Britain’s experience demonstrated that a well-designed public-infrastructure strategy, backed by sensible reforms, can engage the private sector. Can these lessons be applied to emerging markets? The Philippines is trying. On taking office in 2010, former President Benigno Aquino III made infrastructure a strategic priority. His government established a PPP unit and gave it significant authority; the unit assembled a carefully planned pipeline of projects, supported by updated regulations that allowed public- and private-sector risk sharing. The government also contributed serious money; the budget allocated to infrastructure spending has risen from 2.2 percent of GDP in 2012 to 5.1 percent in 2016; 14 major projects are being implemented and 15 more are in the works. That has helped boost the country’s infrastructure-quality ranking from 104th in 2010 to 90th this year, according to the World Economic Forum.
Colombia has followed a similar path. In 2011, President Juan Manuel Santos established a national infrastructure agency, and the legislature passed an infrastructure law in 2012 that provides tools to ease land acquisition. Today there are 40 greenfield road concessions being let at a value of $25 billion, covering twice as many kilometers as in the past. The length of rail under concessions to the private sector is expected to more than double, from 900 kilometers to 2,000.
According to infrastructure and project-finance journal IJGlobal, in 2015, Britain, Colombia, and the Philippines had private infrastructure markets (measured as transactions closed as a proportion of GDP) double that of the international average. There is no reason that other countries cannot follow suit.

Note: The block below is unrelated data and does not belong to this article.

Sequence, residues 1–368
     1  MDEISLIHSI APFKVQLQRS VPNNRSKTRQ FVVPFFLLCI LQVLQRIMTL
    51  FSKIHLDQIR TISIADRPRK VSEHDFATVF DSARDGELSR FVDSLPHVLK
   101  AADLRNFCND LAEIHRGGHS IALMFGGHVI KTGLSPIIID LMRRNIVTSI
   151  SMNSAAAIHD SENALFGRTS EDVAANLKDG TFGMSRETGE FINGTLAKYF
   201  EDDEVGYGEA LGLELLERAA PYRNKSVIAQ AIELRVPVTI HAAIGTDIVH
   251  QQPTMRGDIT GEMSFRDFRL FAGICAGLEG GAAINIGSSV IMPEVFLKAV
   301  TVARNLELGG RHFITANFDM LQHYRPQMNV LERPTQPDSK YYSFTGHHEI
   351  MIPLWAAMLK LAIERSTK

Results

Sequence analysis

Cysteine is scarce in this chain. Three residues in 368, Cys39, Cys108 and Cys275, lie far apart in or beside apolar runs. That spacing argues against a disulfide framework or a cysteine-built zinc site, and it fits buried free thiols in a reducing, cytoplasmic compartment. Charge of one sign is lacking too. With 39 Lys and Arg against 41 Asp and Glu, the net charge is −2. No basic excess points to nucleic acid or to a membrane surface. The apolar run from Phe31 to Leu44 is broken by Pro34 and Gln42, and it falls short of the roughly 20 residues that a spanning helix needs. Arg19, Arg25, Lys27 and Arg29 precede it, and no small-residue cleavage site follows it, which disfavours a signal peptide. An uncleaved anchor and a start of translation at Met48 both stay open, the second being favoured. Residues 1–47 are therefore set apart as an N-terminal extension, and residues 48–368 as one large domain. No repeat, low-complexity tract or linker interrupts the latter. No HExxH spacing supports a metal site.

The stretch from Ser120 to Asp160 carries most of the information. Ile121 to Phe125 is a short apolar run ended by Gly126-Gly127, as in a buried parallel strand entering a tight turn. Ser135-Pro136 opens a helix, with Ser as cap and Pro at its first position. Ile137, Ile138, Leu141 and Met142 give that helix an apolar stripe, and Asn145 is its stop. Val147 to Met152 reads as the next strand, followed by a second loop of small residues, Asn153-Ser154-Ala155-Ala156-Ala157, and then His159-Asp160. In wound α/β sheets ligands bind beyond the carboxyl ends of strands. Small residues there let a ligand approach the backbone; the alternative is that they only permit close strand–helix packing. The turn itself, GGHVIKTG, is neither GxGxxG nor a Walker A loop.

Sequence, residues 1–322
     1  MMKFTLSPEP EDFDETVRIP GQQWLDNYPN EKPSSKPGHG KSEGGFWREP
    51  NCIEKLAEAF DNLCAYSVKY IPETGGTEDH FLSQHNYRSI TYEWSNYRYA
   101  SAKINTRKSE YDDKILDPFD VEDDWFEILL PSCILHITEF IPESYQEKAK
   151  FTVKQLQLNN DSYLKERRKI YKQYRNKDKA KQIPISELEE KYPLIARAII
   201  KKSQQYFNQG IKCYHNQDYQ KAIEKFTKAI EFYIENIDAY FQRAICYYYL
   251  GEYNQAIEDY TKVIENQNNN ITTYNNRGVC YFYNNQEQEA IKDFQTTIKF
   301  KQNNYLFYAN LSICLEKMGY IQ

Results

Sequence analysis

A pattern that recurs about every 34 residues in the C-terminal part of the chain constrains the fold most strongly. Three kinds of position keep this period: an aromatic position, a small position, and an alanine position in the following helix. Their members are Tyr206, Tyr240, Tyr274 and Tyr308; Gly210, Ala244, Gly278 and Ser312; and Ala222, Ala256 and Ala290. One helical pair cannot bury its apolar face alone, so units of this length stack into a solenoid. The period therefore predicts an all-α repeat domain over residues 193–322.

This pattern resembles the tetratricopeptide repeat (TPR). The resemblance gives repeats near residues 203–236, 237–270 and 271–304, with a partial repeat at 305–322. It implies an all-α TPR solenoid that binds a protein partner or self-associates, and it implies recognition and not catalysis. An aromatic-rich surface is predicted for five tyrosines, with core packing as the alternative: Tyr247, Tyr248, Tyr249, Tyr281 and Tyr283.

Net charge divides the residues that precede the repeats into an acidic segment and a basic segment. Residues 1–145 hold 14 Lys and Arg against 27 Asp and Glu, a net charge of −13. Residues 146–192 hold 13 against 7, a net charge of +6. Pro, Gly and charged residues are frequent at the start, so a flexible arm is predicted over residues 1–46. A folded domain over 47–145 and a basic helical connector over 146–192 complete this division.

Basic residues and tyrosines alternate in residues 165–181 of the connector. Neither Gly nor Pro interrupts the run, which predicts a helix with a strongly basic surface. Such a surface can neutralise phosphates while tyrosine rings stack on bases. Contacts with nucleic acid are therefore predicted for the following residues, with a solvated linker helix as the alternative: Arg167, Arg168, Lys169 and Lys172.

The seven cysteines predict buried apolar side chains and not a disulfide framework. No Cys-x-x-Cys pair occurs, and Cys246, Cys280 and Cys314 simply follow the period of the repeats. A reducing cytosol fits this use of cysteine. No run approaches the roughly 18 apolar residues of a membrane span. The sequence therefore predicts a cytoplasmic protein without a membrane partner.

Lack of capital is not the issue: $106 trillion of institutional capital is available, in the form of pension and sovereign-wealth funds. The Organisation for Economic Co-operation and Development estimates that only 1.6 percent of this is directed to infrastructure. According to research from the Global Infrastructure Hub, 69 percent of institutional-investor funds want to increase allocations to the sector; there is particular interest in emerging markets.
What these funds need is a way to do this. The essential precursor to significant engagement with the private sector is political commitment. By providing leadership, defining a strategy, and creating effective planning and implementation agencies, governments can create the conditions that will encourage the private sector to invest in infrastructure markets. That, in turn, can help countries build the road, sanitation, and transport projects that fuel economic growth—and improve the well-being of people and communities around the world.
Christopher Heathcote is CEO of the Global Infrastructure Hub, a G-20 initiative whose goal is to increase the quality and quantity of global infrastructure projects. He has been involved with public- and private-sector infrastructure projects in Australia, China, Europe, Israel, the Ivory Coast, South Africa, Turkey, and the United States.